I have a couple of obese clientele that I have used calipers on for body composition, and I am finding that the results are inaccurate. I am unable to pull skin/fat tissue away from the target areas in order to measure. The subcutaneous fat is too hard, and its difficult to get an accurate reading. Any suggestions on how to measure body composition using calipers on a client that is obese?
This population of clients can be sensitive as well as self-conscious. My question for you to consider is–is it really necessary to get the measurements on body fat for the obese client? Many fitness assessments that we use may not be suitable for this population. Calipers can be intimidating and embarrassing to some obese clients, and we need to consider whether or not we really need some of the assessments performed. Certainly we want to track progress, which includes body composition, but not all clients are comfortable with this procedure.
For this population, I discuss the assessment with the client. If they are comfortable, I may use a bioelectrical impedance monitor. It may not be as accurate, but as long as you track results with the same mode, then you are able to see progress. If they are not comfortable, then I leave it out. There are other ways to track progress.
Good luck–working with this population is very rewarding!
I wholeheartedly agree with Christine. If a client is that overweight that the use of calipers is so difficult and ultimately inaccurate, there is no point.
While I like to include body composition in all my assessments, I make this step (and, ultimately, all of them) optional. I had overweight clients who did not even want to tell me how much they weigh, and even that is okay.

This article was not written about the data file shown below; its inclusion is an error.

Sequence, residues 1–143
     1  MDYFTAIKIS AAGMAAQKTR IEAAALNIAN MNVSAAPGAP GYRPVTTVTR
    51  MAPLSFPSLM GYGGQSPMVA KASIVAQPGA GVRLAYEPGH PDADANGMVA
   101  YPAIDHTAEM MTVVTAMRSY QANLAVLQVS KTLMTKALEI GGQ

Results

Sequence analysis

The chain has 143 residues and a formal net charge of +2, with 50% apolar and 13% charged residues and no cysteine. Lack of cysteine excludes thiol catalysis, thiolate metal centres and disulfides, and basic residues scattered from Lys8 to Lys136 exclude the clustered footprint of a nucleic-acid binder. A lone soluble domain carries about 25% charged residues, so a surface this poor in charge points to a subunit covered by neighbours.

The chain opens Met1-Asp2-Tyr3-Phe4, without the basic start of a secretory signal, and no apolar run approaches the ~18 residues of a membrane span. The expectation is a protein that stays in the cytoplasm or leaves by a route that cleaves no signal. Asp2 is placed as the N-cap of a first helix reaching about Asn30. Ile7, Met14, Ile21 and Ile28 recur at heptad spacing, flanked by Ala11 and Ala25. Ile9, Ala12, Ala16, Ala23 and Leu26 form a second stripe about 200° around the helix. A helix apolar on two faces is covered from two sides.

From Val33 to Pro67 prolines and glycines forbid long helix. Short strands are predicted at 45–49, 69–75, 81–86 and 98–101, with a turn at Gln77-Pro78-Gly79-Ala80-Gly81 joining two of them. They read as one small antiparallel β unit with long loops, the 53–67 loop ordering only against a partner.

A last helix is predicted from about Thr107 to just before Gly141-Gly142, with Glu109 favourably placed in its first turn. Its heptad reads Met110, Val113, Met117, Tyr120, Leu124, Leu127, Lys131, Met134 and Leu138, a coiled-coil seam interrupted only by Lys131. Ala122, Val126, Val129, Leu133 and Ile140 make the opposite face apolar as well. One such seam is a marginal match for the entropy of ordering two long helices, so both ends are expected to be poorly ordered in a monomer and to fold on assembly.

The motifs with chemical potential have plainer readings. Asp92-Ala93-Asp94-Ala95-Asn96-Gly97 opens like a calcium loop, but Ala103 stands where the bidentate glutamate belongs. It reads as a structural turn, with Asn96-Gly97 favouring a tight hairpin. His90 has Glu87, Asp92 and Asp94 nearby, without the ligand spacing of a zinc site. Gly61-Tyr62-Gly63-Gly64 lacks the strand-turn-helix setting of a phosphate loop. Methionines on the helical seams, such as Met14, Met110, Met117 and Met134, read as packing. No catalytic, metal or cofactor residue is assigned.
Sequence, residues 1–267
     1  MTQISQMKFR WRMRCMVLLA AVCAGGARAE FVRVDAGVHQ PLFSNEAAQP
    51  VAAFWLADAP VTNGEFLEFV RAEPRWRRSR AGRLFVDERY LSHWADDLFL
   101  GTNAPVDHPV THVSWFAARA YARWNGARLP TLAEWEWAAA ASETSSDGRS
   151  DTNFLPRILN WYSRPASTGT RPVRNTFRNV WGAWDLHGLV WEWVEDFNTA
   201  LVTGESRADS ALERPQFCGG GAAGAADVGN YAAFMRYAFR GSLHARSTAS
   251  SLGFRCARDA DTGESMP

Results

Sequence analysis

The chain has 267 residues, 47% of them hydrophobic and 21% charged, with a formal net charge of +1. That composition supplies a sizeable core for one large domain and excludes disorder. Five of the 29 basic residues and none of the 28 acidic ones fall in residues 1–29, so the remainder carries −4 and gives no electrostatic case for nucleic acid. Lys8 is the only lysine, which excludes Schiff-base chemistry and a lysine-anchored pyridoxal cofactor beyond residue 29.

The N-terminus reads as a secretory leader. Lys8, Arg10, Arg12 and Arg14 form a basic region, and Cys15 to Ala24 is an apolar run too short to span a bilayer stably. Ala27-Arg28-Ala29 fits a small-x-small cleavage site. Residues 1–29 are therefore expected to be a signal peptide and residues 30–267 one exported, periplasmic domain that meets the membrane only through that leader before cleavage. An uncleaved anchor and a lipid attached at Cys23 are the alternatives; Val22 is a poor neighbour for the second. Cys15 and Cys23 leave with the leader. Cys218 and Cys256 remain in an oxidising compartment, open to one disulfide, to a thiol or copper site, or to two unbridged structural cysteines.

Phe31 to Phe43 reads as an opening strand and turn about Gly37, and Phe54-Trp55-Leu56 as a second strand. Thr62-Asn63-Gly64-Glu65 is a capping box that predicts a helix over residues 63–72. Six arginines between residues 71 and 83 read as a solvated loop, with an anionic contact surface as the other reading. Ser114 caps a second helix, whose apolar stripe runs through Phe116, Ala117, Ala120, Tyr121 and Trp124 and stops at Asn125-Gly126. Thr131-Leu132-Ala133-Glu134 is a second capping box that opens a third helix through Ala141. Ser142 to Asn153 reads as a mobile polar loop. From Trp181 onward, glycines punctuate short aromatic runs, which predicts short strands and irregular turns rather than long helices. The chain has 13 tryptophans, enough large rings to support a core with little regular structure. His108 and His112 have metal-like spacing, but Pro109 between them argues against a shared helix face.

Approaching a trainer is a really big step for a very overweight person. It is hardly necessary for us to point out that they weigh too much; they are usually mortified, scared and embarrassed. Piling on the bad news through a body composition measurement serves no purpose.
At some point in time, you can always open that option again once rapport and trust has been established. I am using near-infrared technology but bio-impedance is another option. But you can just as well use a taped measure. I am a fan of the waist-to-height ratio.
I wish you good luck.
I would not use calipers on an obese client, they already know they are obese.
When they are ready:
I would use the scale as one guideline and waist hip measurements. If you can’t get a tape measure around them, use string then measure on your own
The point is, make every effort to not cause humiliation.
I would go with one of the hand-held bio-electrical impedance units – Omron makes a pretty decent one & they’re pretty affordable, not to mention non-invasive. Just be sure to conduct the tests under normal hydration conditions – before exercise, before consuming a lot of fluids, etc. It’s not a perfect method but none of them are.
Hi Sandra. I agree with Paul in that when I’m faced with this situation, I go with the hand-held bio-impedance device. Easy to use, less intrusive and is fairly accurate for baseline purposes.